Kazbegi 6/8/98
The montane specialities can all be seen at just one site, Mount Kazbek, near the village of Kazbegi on the Georgian Military Highway. This is just three hours north of Tbilisi, and getting there by taxi from the capital will cost $10-20 depending on your haggling skills, either way it is very cheap! Kazbegi is on the northern side of the Caucasian Mountains, on the River Terek which flows north out to the Caspian Sea.

Staying in a B&B is your best option here; I stayed in the home of Mairi Sujashvilli in Gergeti (near the rusting and sadly out-of-commission chair-lift tower). Gergeti, near Kazbegi, is the trail-head for the path that leads up to the Gergeti glacier high on the slopes of Mount Kazbek. The glacier stops at 2,950 m, and it is at this altitude (and higher) that the montane birds can be found.

To get to this altitude from Gergeti takes three hard hours of uphill walking. The climb is easy and safe however, and I had no qualms doing it on my own. If you have the necessary equipment the best strategy is to go up one afternoon and stay overnight at 3,000 m. This gives you a chance to bird from dawn, which is naturally the most productive time to be out birding. Do take plenty of warm clothing and pay attention to weather conditions. Be wary of the effects of high altitude, too; altitude sickness can strike even at 3,000 m. I had trouble sleeping and ate almost nothing in 24 hours (all minor side-effects of altitude).

The walk up through Girgeti takes you into birch woodland that hangs above the village. Here Caucasian Chiffchaff and Green Warbler Phylloscopus (trochiloides) nitidus are abundant before emerging on the ridge top near the 14th century church of Sameba overlooking Gergeti. The walk gets arduous from here as you climb up a dry valley to a pass at about 3,000 m. Alpine Accentors Prunella collaris become evident at about 2,700 m. From the pass the true splendour of the peak and the massive glacier can finally be appreciated. Also from here the first, far carrying, curlew-like calls of the Caucasian Snowcock may be heard. I defy any birder walking down into the boulder and scree strewn landscape below this glacier high in the Caucasian mountains not to feel extraordinarily elated and excited at the prospect of the birding to come.

Waking up to the calls of Caucasian Snowcock, it is not difficult to leave your sleeping bag and get out into the cold mountain dawn. By working the area to the south of the glacier's snout it should be possible, with luck, to pick up all three target birds in 2-3 hours. The scree is home to Wallcreeper Tichodroma muraria, Güldenstädt's Redstart, and Great Rosefinch. Scan the ridge tops for calling male snowcocks, which seemingly call from every crag. Also in the area, Twite Carduelis flavirostris are abundant, and small flocks of Snowfinch Montifringilla nivalis are apparent. Lammergeier Gypaetus barbatus soar overhead. Sadly, even at this altitude, you are never far away from the nearest shepherd and his flock, and disturbance and overgrazing must be surely be considered a threat to the fragile montane ecosystem.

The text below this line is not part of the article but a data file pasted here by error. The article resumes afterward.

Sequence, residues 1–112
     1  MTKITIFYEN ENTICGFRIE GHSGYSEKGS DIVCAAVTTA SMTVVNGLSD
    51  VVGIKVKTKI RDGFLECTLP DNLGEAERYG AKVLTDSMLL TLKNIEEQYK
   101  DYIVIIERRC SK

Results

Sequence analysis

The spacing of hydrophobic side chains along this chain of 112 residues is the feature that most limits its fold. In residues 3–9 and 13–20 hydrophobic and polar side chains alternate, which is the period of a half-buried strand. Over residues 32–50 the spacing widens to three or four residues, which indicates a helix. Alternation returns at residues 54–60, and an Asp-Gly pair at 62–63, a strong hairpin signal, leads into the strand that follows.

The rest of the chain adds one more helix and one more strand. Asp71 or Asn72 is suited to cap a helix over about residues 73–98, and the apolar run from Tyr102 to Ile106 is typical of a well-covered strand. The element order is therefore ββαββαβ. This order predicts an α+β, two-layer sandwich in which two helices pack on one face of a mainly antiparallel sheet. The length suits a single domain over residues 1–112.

Lagodecki 8/8-10/8/98
Woodland reserve in eastern Georgia. Interesting and probably excellent for birds in May! We saw Red-breasted Flycatcher. Nearby agricultural lanes were good for Olivaceous Warbler and butterflies.

Species Lists

Black Kite Milvus migrans
Single Lagodecki to Tbilisi, 10/08.

Egyptian Vulture Neophron percnopterus
3 Dravid Gareje 1/08, and one below Gudauri on 3/08.

Griffon Vulture Gyps fulvus
Small numbers in the mountains and at Dravid Gareje.

Goshawk Accipiter gentilis
Two at Saguramos National Park, 2/08.

Honey Buzzard Pernis apivorus
Several at Saguramos National Park, 2/08.

Steppe Buzzard Buteo buteo vulpinus
Small numbers in steppe areas and along roads.

Long-legged Buzzard Buteo rufinus
Fairly common above 2200 m.

Golden Eagle Aquila chrysaetos
Up to three above Kazbegi.

Short-toed Eagle Circaetus gallicus
Singles in Tbilisi (7/08) and along the Lagodecki-Tbilisi road on 10/08.

Kestrel Falco tinnunculus
Widespread.

Saker Falco cherrug
Single Dravid Gareje 1/08.

Caucasian Snowcock Tetraogallus caucasicus
Single male seen well through scope in the early morning, calling on a ridge top on the side of Mount Kazbek 6/08. Others heard nearby.

Chukar Alectoris chukar
At least three birds at Dravid Gareje on 1/08.

Water Rail Rallus aquaticus
Single at roadside marsh en route to Lagodecki, 10/08.

Common Sandpiper Actitis hypoleucos
Single along river between Tbilisi and Lagodecki, 10/08.

Green Sandpiper Tringa ochropus
Single in Terek valley, 5/08.

Armenian Gull Larus armenicus
Common along river in centre of Tbilisi.

Laughing Dove Streptopelia senegalensis
Small numbers in Tbilisi and Lagodecki.

Cuckoo Cuculus canorus
Single at Lagodecki.

Swift Apus apus
Single in Tbilisi on 31/07 was the only record!

Kingfisher Alcedo atthis
Single along river between Lagodecki and Tbilisi, 10/08.